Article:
I know that Uniview was very hesitant to meet with IPVM as they were under the assumption that IPVM just dislikes Chinese made products. Personally, I think they are honest assessments. Although I would have liked to have seen the Uniview 4MP cameras in that comparison as they are available in the US.
Rich, it is interesting the number of manufacturers who assume I simply dislike them or their country, not factoring in our overall coverage of their competitors which is often just as or more critical.
Thank you also, End User 6, for your altruistic approach to the industry. It's not often that an End User, such as yourself, comes to the aid of those who prefer to keep lines intact and margins high.
It's easy to see why such aid is rarely seen: the "race to the bottom" has many losers, but only one clear winner - You, The End User.
Whether a they be a CSO, or facilities manager, or SMB owner, or your neighbor, no one could deny that the End User's buying power has greatly increased over the last several years, mainly due to tremendous growth of Chinese/Asian manufacturers.
Even if not directly purchasing Chinese goods, End User's benefit enormously from the price pressure put upon the Western manufacturers.
But, you are the exception, putting your own End User gain aside, you stand on principle and integrity.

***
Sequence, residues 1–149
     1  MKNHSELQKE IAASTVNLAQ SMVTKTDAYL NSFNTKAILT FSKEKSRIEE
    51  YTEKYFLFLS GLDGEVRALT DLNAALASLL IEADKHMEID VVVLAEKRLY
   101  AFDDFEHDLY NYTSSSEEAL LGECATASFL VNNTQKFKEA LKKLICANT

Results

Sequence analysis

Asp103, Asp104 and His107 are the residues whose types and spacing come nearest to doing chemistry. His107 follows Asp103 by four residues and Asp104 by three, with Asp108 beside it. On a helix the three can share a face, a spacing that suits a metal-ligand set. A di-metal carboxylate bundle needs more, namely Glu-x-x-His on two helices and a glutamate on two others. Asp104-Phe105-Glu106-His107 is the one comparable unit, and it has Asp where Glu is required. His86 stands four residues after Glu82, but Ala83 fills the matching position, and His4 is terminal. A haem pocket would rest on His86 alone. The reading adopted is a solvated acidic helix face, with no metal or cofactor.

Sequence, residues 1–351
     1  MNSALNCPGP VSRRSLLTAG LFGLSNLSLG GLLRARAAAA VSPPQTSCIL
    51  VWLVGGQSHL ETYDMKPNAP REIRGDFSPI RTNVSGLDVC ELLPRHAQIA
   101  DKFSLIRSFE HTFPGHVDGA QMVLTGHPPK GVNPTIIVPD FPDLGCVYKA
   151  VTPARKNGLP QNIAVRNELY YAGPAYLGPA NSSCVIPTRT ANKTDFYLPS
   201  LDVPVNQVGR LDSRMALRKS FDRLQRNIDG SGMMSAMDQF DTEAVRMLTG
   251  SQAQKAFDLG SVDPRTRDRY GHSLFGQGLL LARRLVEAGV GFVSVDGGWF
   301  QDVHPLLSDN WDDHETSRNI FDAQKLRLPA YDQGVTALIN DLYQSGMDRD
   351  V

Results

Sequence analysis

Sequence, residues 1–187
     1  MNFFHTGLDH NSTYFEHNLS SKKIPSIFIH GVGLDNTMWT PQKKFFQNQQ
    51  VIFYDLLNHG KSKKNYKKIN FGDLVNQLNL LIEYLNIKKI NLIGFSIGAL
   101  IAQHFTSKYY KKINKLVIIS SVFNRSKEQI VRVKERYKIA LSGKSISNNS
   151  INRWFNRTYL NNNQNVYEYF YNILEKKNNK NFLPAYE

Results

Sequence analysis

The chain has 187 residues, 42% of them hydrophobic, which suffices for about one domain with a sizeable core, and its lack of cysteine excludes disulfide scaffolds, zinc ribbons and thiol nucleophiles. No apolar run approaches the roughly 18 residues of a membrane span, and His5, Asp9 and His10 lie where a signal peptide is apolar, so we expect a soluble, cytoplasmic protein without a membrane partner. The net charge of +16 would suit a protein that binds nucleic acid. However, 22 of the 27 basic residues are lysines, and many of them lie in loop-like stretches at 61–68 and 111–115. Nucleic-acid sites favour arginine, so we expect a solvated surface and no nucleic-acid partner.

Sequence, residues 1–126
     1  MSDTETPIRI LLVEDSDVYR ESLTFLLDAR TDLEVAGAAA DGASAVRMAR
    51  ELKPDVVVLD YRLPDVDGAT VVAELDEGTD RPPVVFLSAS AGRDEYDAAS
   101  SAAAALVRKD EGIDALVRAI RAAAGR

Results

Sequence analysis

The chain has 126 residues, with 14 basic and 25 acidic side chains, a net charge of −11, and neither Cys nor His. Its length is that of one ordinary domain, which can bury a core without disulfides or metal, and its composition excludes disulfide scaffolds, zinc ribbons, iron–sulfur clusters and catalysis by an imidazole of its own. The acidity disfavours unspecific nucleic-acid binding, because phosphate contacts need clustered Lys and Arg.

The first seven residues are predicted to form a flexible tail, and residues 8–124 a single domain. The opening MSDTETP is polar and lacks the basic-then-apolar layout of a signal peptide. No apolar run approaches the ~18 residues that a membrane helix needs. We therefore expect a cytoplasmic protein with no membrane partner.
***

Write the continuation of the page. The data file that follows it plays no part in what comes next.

I think this is a petty article with a petty complaint.
32" TVs are 31.5" diagonal and have been forever. It's called rounding up, and rounding 3.69 to 4 is not egregious.
Cameras over 2MP are almost always listed in whole numbers. Nobody calls a 3MP camera (2048x1536) a 3.14MP camera. And nobody is mentioning that 12MP fisheye cameras have maybe 6-7MP of actual usable image.
4,000 x 3,000 imager = 12MP
Only uses 3,000 x 3,000 square in the middle = 9MP
I have to disagree, J. There are times to split hairs and times it's not worth it. I like to know nuances like this, but I agree it doesn't need a Change.org petition or boycott or something like that, either, which I don't think was being called for.
It's interesting that someone disagreed with my comment and they are probably not alone. I certainly respect their opinion, but I'm curious as to their (or anybody's) rationale for it.
My perspective is that when Axis shipped the camera, it wasn't ready. It didn't deliver what was promised. Now there is a firmware upgrade to do so. The issue, though, is that the end user (like me) now has to go back in upgrade the firmware on their camera or pay for a service call to do so. If it is covered by warranty (I would assume it is), it still requires scheduling the service call, "supervising" the technician, etc.
It seems to me that the only reason to release the product when they did was to hit their internal deadlines and financial target at the expense (inconvenience) of their customer.
That's my rationale, but I'm very interested in other perspectives.
The issue, though, is that the end user (like me) now has to go back in upgrade the firmware on their camera or pay for a service call to do so. If it is covered by warranty (I would assume it is), it still requires scheduling the service call, "supervising" the technician, etc.
Yes, and the integrator still has to eat the cost if its under warranty. Not like Axis will pay for that.
And there are likely many more M3046s that shipped already and are in inventory at various distributors. Do the distributors eat the cost of upgrading them or do they ship them as is?